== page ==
Seamless Scenery

So – we’ve banged on about “no hyperspace, seamless this-that-and-the-other” – what do we mean?

Traditionally – games have to shift in huge amounts of data (levels, textures etc.) in order to provide a larger game experience than will necessarily fit in your machine. Dominion will be no exception. Modern games do lots of subtle streaming on the fly, to pre-cache data, load it behind the scenes, etc. Often, less subtle techniques are used – and you get some “jarring” – where something masks the data loading operations required when a level changes. We’ve all cussed our hard-disks in the past waiting for the next level as we just bitch-slapped some bad-guys and finally got to level 8-1! The goal of Dominion is to let you see the universe about you as you fly around it. So you can fly between stars and see their planetary systems dwindle away behind you, and then zoom into view before you. You really can just point your ship in a direction, and hit the drive button… no auto-pilot or navigation required. Stop in deep-space, point at any star, and fly at it to eventually reach the system.

How do we achieve this seamless-ness?(!)

Well – again –  quite simply, with multiple scene graphs. As you may or may not know – computers have precision problems with floating point numbers (ie. 1.52326145) They can only store a number to a certain accuracy. Depending on how accurate, or how small/large the numbers you need – you get various issues when moving things about or rendering them. Objects wobble, or jump about a bit – or render with horrid tears in them. On modern-day PC’s you can use double precision numbers, which dramatically improve the accuracy and range of these numbers – but still, squeezing an entire galaxy into them at 1cm scale is… “tricky”, and we want Dominion to run on anything capable of wielding a GPU – notably smart-phones and tablets running iOS and Android. So we have to play counter-tricks. And this is our chief counter-trick…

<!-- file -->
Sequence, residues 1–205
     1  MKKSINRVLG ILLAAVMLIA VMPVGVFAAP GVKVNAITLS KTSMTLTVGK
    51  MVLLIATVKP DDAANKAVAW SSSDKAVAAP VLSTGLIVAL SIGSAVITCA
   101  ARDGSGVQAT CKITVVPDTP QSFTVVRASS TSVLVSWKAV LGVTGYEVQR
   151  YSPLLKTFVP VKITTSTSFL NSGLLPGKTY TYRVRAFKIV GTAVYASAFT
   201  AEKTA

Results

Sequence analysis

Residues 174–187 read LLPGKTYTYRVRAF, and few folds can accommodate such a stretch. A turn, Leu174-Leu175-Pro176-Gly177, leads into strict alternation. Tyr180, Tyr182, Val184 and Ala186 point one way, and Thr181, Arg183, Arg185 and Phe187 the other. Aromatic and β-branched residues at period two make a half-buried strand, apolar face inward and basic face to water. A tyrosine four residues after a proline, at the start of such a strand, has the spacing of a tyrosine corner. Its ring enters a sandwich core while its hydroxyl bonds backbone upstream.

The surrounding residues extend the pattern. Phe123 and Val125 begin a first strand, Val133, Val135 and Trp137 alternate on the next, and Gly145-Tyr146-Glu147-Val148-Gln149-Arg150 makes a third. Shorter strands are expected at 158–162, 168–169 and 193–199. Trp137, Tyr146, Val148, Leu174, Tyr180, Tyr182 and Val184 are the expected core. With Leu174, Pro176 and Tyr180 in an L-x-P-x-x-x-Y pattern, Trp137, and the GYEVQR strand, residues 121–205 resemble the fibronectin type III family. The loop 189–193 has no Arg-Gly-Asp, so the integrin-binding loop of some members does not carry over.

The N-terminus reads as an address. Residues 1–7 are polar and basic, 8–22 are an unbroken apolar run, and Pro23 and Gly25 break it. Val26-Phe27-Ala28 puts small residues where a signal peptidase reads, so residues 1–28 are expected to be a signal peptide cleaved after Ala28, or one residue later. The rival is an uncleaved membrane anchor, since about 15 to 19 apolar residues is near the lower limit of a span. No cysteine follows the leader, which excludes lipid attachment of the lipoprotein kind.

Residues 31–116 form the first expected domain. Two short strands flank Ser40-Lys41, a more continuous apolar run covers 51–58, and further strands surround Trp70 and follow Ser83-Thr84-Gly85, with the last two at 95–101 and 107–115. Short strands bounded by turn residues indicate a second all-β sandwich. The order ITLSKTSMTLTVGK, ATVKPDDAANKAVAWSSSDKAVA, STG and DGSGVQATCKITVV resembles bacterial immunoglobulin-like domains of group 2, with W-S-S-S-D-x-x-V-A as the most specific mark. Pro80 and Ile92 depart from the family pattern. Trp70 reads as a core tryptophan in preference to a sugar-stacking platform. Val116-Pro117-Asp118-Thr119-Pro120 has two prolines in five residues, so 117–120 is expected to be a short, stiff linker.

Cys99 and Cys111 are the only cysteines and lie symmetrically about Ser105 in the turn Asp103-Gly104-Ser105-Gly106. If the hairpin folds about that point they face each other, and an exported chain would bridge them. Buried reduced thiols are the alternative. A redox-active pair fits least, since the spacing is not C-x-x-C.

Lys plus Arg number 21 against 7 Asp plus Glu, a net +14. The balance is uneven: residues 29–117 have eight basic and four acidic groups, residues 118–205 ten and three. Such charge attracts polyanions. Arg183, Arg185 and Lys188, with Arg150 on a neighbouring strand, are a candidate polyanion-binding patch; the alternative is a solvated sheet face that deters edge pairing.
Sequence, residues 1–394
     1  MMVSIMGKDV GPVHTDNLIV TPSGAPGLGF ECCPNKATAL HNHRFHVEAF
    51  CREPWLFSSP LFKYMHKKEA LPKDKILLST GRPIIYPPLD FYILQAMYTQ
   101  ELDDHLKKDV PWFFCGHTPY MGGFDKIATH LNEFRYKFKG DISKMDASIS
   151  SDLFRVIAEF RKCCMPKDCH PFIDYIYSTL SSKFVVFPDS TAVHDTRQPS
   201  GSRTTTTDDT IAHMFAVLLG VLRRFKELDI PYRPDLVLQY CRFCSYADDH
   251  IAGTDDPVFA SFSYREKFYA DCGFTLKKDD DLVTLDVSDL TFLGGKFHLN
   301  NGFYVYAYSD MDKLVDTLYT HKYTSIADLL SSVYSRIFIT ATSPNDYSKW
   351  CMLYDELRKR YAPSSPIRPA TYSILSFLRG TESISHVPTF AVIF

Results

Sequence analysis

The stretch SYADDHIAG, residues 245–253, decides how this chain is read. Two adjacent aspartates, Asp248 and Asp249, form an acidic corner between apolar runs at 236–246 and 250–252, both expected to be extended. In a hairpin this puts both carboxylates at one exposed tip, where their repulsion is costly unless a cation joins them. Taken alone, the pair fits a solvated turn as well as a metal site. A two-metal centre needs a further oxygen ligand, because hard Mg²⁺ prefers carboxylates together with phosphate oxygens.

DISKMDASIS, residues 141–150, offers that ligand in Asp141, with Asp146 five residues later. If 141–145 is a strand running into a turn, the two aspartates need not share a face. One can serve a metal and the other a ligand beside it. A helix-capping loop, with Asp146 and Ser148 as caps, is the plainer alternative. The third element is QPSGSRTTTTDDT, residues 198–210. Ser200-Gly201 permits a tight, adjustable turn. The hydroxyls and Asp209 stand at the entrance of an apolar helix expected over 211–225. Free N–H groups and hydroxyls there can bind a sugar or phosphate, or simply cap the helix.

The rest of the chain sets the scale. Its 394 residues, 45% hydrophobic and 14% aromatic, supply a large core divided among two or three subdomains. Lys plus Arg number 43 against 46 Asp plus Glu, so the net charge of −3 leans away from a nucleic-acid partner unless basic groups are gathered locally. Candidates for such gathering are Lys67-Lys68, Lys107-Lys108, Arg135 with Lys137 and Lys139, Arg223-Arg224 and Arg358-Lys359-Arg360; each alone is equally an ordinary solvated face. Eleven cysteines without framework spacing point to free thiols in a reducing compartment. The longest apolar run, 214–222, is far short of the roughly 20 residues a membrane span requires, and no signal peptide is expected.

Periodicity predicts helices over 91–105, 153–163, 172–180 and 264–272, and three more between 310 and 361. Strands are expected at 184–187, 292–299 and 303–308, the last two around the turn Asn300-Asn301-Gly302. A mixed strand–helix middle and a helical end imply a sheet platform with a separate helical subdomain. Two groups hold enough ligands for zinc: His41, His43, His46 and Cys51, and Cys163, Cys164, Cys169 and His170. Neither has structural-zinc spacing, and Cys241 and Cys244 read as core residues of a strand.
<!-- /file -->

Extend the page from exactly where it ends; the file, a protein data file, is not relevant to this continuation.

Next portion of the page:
Galactic Scene

First, we render the galaxy itself in its own scene (so all the stars, the pretty backdrops/stellar gas, etc.)







Stellar SceneThen, we render the star system scene (if you are in one) – being the star itself, and the planets in the system (if any).







Planetary SceneNext, we render the planetary scene as needed, with it’s satellites, planetary rings, etc.








Local SceneFinally, we render the scene local to you the player – space stations, asteroids, other ships, missiles and laser effects, etc.







The cunning trick is to then manage your view and position in each of these scenes as if they were all one. Trust me, writing the scene object management code has taken me numerous attempts and passes!

Scene Graphs

Clock-wise from top-left, we have the Galactic scene, the stellar scene (the blue dots are planets), the planetary scene (here, blue dots are satellites) and finally in the bottom left, the local scene – you might just make out the green dot as your ship, and a blue dot as the space station.






Right now, you can literally point somewhere – press “Thrust” and fly out of your local space, speed through planetary, out into stellar and then into galactic space and watch everything flee behind you without any stalls or interruptions. The same applies flying back into a new system.

But – at the moment there’s a but – that’s a lot of empty space to fly through. Not very interesting! You can’t really see that you’re moving even though your position in the scene is changing in a credible way. So we need to slap some “stuff” in to show movement, things appropriate to the scale of the scene you’re moving in – so small debris particles, dust clouds, and then larger dust clouds/wisps, etc. Hopefully, video to follow soon 😉


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Author: Mak View all posts by

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